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CONTENTS OF VOL. II.
LIFE OF SPENSER.
The early efforts in poetry of all nations are necessarily rude and imperfect. Many attempts must be made, before a barbarous language can be so disciplined into correctness of diction, and melody of sound, as to afford a material which even genius itself can work into any thing truly excellent. And when improvement has proceeded so far that lines and passages are to be found deserving of real ad. miration, these will long be of rare occurrence, like specks of gold in a matrix of brute earth. Productions of such a period, however interesting they may be to the critical enquirer into the history of national literature, will give more disgust than pleasure to one who reads for amusement only, and who has already formed his taste upon the best models of different ages and countries.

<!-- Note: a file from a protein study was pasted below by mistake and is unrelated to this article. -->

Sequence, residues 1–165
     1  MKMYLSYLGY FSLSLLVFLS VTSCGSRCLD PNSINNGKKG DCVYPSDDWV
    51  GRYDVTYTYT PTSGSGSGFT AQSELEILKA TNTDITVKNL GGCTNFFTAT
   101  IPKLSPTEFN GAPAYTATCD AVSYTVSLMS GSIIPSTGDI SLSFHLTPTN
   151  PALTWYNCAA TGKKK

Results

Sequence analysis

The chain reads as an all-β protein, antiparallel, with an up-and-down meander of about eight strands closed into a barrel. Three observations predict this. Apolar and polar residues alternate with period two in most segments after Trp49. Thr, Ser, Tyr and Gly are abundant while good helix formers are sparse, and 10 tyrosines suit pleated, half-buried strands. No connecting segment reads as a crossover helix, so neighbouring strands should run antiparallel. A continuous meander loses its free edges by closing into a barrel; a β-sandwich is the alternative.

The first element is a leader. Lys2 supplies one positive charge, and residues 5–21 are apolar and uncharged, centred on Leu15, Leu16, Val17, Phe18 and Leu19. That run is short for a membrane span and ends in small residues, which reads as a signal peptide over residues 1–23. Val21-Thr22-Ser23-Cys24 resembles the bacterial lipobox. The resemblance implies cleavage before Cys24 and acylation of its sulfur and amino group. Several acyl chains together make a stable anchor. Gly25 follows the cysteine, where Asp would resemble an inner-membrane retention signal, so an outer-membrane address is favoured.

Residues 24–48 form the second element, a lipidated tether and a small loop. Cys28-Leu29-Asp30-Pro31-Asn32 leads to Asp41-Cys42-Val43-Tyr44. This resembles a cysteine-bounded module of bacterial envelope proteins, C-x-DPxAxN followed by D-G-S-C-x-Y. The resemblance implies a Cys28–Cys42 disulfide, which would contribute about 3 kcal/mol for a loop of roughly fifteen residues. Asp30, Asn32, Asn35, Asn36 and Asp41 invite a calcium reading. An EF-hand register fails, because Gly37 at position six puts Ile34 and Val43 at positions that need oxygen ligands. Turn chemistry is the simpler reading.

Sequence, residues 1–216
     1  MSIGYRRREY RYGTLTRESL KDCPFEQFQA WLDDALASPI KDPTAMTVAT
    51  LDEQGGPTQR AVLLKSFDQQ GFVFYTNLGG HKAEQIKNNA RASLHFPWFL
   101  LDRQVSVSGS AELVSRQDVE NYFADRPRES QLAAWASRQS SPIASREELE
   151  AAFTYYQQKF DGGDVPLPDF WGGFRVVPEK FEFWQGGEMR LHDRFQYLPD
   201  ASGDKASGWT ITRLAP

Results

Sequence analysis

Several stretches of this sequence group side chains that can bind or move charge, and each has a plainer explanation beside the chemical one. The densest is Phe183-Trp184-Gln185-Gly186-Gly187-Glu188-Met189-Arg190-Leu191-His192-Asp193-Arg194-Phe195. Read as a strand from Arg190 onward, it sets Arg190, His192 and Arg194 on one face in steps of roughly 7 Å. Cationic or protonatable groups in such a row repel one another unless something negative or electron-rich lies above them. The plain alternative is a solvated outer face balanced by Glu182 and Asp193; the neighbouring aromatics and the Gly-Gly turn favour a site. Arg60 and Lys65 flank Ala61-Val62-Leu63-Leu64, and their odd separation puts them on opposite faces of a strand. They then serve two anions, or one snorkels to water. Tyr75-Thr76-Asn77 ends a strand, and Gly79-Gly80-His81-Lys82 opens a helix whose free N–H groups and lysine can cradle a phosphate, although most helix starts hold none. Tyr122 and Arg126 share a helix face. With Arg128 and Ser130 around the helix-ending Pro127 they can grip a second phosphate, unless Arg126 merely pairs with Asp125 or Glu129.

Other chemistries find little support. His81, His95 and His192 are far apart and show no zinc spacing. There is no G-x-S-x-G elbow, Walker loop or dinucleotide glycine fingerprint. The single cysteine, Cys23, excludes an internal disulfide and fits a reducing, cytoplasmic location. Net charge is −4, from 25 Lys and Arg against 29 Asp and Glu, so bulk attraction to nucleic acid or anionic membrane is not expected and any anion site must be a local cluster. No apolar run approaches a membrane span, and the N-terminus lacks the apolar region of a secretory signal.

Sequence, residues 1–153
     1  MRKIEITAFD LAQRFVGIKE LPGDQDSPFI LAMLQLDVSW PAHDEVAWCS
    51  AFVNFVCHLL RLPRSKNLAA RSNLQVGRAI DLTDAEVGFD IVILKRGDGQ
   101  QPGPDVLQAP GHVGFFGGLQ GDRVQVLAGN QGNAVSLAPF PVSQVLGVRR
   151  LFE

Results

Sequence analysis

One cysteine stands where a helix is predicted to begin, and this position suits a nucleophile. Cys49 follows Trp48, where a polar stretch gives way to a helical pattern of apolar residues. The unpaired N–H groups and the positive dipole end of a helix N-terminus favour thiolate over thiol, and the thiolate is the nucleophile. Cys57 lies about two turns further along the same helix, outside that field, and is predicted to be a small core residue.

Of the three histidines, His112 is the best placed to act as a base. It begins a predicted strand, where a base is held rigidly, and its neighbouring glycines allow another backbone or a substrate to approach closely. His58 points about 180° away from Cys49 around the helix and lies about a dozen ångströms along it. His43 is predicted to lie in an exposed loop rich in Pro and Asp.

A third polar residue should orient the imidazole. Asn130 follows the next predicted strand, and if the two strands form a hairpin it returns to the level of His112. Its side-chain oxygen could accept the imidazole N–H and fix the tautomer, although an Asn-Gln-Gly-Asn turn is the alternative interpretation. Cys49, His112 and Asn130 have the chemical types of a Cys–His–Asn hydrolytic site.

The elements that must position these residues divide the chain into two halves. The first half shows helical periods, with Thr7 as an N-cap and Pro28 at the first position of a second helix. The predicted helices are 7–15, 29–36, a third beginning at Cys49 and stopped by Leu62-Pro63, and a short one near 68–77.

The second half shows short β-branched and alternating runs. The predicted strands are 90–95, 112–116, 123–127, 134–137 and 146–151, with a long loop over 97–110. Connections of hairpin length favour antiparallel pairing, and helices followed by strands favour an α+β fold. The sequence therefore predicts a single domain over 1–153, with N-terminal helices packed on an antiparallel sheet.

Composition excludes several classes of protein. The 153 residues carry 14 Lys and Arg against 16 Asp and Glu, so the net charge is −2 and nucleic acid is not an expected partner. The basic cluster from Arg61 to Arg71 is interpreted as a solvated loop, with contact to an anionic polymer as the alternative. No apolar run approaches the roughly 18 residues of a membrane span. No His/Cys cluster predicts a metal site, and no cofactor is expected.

It might be difficult to determine with whom of the English poets commences that degree of masterly execution which is capable of satisfying a cultivated taste; but that Spenser is within this limit, will hardly be questioned by any one who has sufficiently familiarised himself with his writings to disregard the uncouthness of an antiquated diction. His name, too, by long possession, has obtained a permanent rank among the major poets of the na